When 1st Battalion, 62nd Air Defense Artillery Regiment, 69th ADA Brigade Soldiers arrived safely home in November of last year, a special crew of mechanics immediately found they had a daunting task at hand – set up a certified welding shop.

“Whenever we got back from Kuwait, this stuff was scattered all over the place,” Sgt. Joan Garcia, battalion welding shop noncommissioned officer-in-charge, said. “We got in here; we cleaned everything up and organized all the drawers and put like items together. In the last two months, we consolidated everything, because we are welders and we needed a job to do.”

Obtaining the permit was no easy task, requiring hours of dedicated training and hands-on classes.

Even after the training, they still had to have their site approved.

“We put everything together and then we got a pre-inspection. They told us everything that was wrong,” Garcia said. “Within a week time-frame, between the pre-inspection and the final inspection, we corrected everything: we put our signs up and we put the screens up.”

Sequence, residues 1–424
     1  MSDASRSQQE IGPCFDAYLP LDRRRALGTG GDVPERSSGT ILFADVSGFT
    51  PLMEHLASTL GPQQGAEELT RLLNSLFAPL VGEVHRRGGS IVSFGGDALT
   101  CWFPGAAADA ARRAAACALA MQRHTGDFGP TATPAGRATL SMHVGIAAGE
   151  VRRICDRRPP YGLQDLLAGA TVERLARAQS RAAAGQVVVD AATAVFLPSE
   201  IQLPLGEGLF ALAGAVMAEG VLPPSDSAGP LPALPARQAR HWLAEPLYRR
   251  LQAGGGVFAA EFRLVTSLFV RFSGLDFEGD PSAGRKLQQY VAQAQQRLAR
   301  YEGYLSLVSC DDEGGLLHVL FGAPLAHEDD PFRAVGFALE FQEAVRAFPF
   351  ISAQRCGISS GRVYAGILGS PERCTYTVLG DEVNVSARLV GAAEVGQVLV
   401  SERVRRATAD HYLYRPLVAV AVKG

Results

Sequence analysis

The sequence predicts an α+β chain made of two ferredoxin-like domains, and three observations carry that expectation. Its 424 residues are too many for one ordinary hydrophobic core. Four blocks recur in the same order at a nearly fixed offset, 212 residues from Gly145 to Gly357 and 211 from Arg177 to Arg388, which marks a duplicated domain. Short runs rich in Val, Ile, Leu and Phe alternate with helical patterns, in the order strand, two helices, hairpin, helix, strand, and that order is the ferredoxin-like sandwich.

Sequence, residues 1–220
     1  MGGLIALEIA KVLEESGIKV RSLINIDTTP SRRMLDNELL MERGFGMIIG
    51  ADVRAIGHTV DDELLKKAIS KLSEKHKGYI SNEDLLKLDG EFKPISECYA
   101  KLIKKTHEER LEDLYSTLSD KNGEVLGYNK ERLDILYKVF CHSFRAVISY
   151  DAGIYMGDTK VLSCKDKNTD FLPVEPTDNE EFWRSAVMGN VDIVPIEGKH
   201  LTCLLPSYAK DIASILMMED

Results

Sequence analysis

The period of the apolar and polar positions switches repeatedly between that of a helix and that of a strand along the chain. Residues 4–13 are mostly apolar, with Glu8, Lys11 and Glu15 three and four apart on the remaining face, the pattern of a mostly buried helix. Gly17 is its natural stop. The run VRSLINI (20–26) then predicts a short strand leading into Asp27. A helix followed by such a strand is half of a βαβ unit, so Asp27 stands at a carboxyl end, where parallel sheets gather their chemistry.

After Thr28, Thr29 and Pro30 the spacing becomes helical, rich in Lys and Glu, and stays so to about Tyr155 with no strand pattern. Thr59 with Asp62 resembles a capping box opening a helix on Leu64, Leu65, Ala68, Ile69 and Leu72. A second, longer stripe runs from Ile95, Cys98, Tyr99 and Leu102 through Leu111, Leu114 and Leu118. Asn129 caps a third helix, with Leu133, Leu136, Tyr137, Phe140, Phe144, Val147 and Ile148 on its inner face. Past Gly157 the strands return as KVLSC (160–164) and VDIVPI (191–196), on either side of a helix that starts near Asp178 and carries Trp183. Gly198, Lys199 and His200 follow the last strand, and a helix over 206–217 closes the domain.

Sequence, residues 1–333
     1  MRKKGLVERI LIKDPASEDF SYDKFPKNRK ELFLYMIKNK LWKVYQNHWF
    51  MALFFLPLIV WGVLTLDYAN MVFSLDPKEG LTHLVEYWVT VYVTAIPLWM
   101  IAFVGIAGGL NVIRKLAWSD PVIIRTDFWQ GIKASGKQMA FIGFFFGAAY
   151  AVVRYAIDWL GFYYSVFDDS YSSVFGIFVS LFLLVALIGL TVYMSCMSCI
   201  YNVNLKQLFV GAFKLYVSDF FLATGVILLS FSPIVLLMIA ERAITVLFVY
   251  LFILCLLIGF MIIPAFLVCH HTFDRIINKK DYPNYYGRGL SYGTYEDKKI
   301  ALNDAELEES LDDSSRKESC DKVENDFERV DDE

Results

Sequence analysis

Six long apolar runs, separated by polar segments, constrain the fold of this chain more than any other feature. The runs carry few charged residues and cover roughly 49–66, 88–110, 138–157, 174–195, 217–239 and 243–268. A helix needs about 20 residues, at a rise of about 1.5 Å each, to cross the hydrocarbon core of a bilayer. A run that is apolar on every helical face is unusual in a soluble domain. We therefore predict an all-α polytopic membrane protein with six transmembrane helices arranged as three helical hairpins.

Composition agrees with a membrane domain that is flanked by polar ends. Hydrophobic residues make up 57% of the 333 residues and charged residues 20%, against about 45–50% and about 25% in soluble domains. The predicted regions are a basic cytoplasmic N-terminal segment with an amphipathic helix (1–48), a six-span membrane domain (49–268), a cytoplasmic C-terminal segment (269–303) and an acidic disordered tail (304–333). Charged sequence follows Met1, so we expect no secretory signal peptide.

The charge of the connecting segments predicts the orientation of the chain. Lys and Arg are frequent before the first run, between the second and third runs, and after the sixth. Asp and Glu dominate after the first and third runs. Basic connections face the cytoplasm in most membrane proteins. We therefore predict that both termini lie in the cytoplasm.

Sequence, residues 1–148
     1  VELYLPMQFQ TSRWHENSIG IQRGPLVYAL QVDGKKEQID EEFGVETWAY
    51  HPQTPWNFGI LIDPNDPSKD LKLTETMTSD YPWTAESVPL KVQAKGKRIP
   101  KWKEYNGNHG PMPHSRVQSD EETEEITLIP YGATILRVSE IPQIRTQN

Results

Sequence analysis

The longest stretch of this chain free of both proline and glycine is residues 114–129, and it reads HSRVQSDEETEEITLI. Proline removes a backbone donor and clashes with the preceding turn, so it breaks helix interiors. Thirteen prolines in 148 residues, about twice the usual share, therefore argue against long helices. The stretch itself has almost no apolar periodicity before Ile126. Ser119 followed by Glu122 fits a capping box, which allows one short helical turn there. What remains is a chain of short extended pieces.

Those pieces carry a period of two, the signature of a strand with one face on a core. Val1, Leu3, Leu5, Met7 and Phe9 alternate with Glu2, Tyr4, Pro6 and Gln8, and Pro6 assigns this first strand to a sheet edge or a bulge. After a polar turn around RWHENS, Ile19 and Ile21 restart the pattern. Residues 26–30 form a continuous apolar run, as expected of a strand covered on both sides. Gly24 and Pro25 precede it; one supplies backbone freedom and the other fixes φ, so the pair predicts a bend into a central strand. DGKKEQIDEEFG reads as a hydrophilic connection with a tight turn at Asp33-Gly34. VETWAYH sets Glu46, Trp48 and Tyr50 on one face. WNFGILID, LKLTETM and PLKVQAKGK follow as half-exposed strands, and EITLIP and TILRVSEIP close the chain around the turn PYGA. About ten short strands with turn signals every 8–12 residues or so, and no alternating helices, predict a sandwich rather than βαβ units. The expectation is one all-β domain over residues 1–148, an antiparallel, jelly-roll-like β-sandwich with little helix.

Since receiving their permits, Garcia’s team of certified fabricators, Pvt. Maxwell Niles, Spc. Victor Garcia, and Spc. Cameron Milligan, fill a vital role.

Chief Warrant Officer 2 Diego Ortiz, battalion maintenance officer, knows exactly what the welding team brings to the fight

“The major impact of having certified welders within the battalion is making sure that our operational readiness stays at the highest level,” Ortiz said. “Not having to evacuate or ship work orders to another unit, being able to take care of them in house – from welding brackets on the generators for the launchers to extracting bolts on a guided missile transporter – this significantly reduces the time we wait for either a new part to come in or for somebody else to be able to take care of it for us.”

This self-sufficiency will greatly decrease operational downtime. A simple bracket will only take the welding team a day or two to fix, whereas before, they would have had to wait up to 30 days to receive the part.

With newly acquired skills in such high demand, Garcia is optimistic about their ability to accomplish their tasks.

“Every day we are all learning off of each other. I enjoy working with them because they are very open-minded.

We work together to work the problems out,” Garcia said.

“Maintenance is something that is not really emphasized or talked about until you need it,” said Ortiz. “These guys are behind the scenes every day, making sure they get things done without anyone else knowing or without receiving any sort of recognition.

They’re not here for that, and that speaks volumes of them. They’re here to do a job, regardless of whether they get the recognition or not, because they are professionals.”